“I know what I've got to do. I've got to start winning some races so I can catch up to Doug. We're having a good time, and if we just keep doing what we're doing we'll have fun. When you've got a great car and a great crew chief and a great car owner, how can you not have fun?
“I'm like a little kid at Six Flags.”
Unfortunately, for that little kid at Six Flags, it's Coby's team that meets all the criteria – not just most of it – for the “must be this tall to ride” requirements.
“We got a little bit of luck, and so far this season, luck has been on my side,” Coby said. “I haven't had a whole lot of that in my career. I'm going to ride the wave while I can.”
HERE'S AN INTERESTING statistic from last Saturday's ACT Late Model Tour race at White Mountain Motorsports Park: The Top-4 drivers in the standings all finished inside the Top-5 in the White Mountain 150.
With five points races in the books and five left to go – none until July 28 at Beech Ridge Motor Speedway in Scarborough, Maine – it's becoming increasingly difficult for the drivers chasing leader Wayne Helliwell Jr. to make up any ground.
That orange No. 27 Ford so reminiscent of Dynamite Dave Dion's classic rides around the northeast just won't let up.
“Every race you're hoping you're gaining more points than (the leaders) are,” said eight-time ACT champion Brian Hoar, winner of the last three titles in a row. “That's just how it is. We know every year going in, we absolutely have our work cut out for us. Wayne and those guys are raising the bar. That's part of it.”
Hoar said he suspected prior to the 2012 season that things were going to be as difficult as ever for any team that wanted to hoist the championship trophy this season – including his own RPM Motorsports team.
“We are working hard to try and make (the car) even better, but kudos to Wayne and his team,” Hoar said. “I've always enjoyed racing with him, he's a great racer, and I've always had a lot of respect for Joey (Polewarczyk). Austin (Theriault)'s a great racer, too. They've all raised the bar. Good for them.”
ROAD RAGE?: How long will NASCAR fans stand for road course races looking more and more like Formula 1 events each season?
I've always thought that it NASCAR is going to do road racing justice, it needs to hold at least six road course events each season instead of the current two. It's an unfair predicament for teams to find themselves in – entire road racing programs, a fleet of cars and engineers – to have to place so much focus on such a minute section of the big picture.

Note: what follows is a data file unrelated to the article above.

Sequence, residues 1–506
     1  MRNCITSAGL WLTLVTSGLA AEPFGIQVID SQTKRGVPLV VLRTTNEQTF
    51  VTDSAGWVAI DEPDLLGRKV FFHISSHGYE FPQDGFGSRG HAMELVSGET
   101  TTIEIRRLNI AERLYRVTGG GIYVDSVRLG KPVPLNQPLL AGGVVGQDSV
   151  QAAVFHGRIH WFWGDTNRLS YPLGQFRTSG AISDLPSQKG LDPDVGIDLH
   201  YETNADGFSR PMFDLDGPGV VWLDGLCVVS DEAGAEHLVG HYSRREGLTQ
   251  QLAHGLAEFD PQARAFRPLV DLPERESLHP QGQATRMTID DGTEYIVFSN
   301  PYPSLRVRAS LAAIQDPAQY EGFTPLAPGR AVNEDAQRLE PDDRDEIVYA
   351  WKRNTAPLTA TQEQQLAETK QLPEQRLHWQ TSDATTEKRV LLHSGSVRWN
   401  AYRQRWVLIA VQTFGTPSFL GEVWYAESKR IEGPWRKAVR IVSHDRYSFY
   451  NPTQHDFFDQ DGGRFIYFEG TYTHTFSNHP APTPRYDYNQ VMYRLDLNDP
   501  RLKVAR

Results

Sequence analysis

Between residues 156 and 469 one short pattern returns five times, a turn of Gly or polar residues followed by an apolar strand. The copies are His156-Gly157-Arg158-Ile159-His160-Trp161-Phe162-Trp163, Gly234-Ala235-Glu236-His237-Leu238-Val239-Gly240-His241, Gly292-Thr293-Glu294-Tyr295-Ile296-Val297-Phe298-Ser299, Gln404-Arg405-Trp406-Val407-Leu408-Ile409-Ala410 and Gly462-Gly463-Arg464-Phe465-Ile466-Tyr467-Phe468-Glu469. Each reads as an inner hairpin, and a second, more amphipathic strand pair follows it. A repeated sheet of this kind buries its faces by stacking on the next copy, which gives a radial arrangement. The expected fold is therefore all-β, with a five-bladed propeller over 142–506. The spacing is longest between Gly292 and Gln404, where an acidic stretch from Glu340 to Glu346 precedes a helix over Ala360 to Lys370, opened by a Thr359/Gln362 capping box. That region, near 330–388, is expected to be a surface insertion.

And as the teams get better at managing road racing and its strategies, the races are becoming less and less interesting.
To wit: All eight drivers to finish in the Top-8 on Sunday at Sonoma started inside the Top-8 on the grid.
Formula 1, anyone?
It's not just the lack of passing, though. It's the way teams are tackling the races that scream “F1!” No longer are they trying to adapt oval strategies for fuel and tire runs. Instead of racing until the fuel and tires can't any longer, they've employed a “backwards” strategy – calculating when they need to make their final stop for fuel and then working backwards from there.
I like road courses. I really do. But it would be more fun, and less a separation of the haves and have-nots, if Sprint Cup Series teams were asked to compete on them more often. Then we'd really see which drivers, crew chiefs and engineers truly are the best at their respective crafts.
IF YOU HAVEN'T noticed, Corey LaJoie is getting serious about this whole NASCAR K&N Pro Series East championship thing.
With his win at Langley Speedway in Virginia last weekend – his second win in the last three races after going 0-for-his-first-two-full-seasons – LaJoie inched to within one point of leader Chase Elliott in the standings.
Elliott may have a bigger operation behind him (Hendrick Motorsports) than LaJoie does, but LaJoie has the grit and wherewithal to just outrun the 16-year-old Elliott when it matters most.